Summer is made for children’s adventures, and for Winnie-the-Pooh fans an ‘expotition’ to Ashdown Forest in East Sussex, where A A Milne set his whimsical tales in the 1920s, is a must. Or share a slightly later era of innocence and adventure Swallows and Amazons style with Arthur Ransome: boating in the Lake District or Norfolk Broads.  

Romantic poet William Wordsworth famously wrote of spring daffodils in the Lake District, but for a summer ramble head with him to south Wales where his ‘Lines composed a few miles above Tintern Abbey’ recall a return visit with his sister Dorothy in 1798. 

The cult of walking tours taking in Picturesque ruins, Nature and dramatic scenes of beauty was in full swing, and these delights are still on offer today on the Wye Valley Walk through the wooded gorge along the river to the medieval abbey, with: 

…steep and lofty cliffs, 

That on a wild secluded scene impress

Thoughts of more deep seclusion… 

For Wordsworth, memories of such scenes refreshed the soul with “sensations sweet” long after visiting. 

A 40-mile drive from Tintern into the Cotswolds and the Slad Valley reveals another walk through unforgettable summer scenes: of Laurie Lee’s Cider With Rosie (1959), his bittersweet memoir of the sunny uplands of a vanished youth and semi-feudal way of life. 

The hauntingly lyrical book gave the world its image of the Cotswolds as the epitome of quaint, rural England, “with cattle, brilliant as painted china, treading their echoing shapes” and beech trees sunlit “as though clogged with wild wet honey”.Wander the Laurie Lee Wildlife Way through village and woodland of the Slad Valley, dotted with posts inscribed with Lee’s poetry; visit Holy Trinity Church where the author is buried and the ancient Woolpack inn where he liked to drink – real ale rather than cider!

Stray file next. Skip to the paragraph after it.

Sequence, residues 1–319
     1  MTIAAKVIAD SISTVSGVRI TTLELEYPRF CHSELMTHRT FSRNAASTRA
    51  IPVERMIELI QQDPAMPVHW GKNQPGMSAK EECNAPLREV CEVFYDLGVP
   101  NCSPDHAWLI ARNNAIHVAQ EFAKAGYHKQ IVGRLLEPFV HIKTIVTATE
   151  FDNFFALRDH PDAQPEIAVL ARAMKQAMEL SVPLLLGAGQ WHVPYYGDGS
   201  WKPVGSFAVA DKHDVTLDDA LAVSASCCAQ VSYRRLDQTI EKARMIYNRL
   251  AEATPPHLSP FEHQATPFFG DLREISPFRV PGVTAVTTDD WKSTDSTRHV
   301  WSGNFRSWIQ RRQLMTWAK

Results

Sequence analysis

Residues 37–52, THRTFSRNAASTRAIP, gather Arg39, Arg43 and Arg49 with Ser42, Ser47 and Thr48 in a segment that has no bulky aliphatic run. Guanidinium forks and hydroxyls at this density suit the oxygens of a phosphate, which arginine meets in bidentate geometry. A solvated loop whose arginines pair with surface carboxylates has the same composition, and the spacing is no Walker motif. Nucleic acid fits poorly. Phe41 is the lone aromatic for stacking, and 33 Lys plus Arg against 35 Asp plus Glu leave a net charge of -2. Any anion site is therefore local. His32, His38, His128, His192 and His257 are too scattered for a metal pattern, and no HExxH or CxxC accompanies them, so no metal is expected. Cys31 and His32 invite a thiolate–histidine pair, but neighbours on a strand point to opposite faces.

There is more honey and nostalgia in one of the most famous couplets in English poetry:

Stands the Church clock at ten to three?

And is there honey still for tea? 

Rupert Brooke posed the question in 1912 while abroad and pining after ‘The Old Vicarage, Grantchester’: conjuring up visions of lying “flower-lulled in sleepy grass”, gazing at the Cambridge sky as hours and centuries blur. Two years later he would write of dying in “some corner of a foreign field / That is for ever England”, but ‘Grantchester’ is suffused with the idyllic summer happiness of a quintessential English village.

Brooke lived in The Old Vicarage (now home to novelist Jeffrey Archer), gathering luminaries like Virginia Woolf around him while pursuing a fellowship at King’s College, Cambridge three miles away.

Grantchester Credit: © Rolf Richardson/Alamy Stock Photo

You can walk or punt along the River Cam past Grantchester Meadows to the village and visit the church, which dates from the 14th century. Then take afternoon tea including sandwiches, cakes and scones in The Orchard Tea Garden, the pavilion where Brooke and his friends tucked into refreshments when it was too rainy to sit outdoors (booking required; the village also boasts numerous good pubs).  

For a memorable finale to your summer reading, bask in the evocative descriptions of the ‘Author’s Prologue’ to Dylan Thomas’s Collected Poems (1952):

This day winding down now

At God speeded summer’s end

In the torrent salmon sun,

In my seashaken house

On a breakneck of rocks…

The “seashaken house” is the Dylan Thomas Boathouse below the cliff on the water’s edge of the west Wales town of Laugharne, where the author enjoyed a purple patch of creativity in his Writing Shed in the four years before his untimely death in 1953. 

After peeking into the cluttered shed, relax over bara brith (Welsh fruit bread) and tea on the Boathouse terrace. Then revel in views over the Taf estuary as dusk hovers towards “dogdayed night” and:

My ark sings in the sun

At God speeded summer’s end

And the flood flowers now. 

8 For more literary travel ideas, see www.britain-magazine.com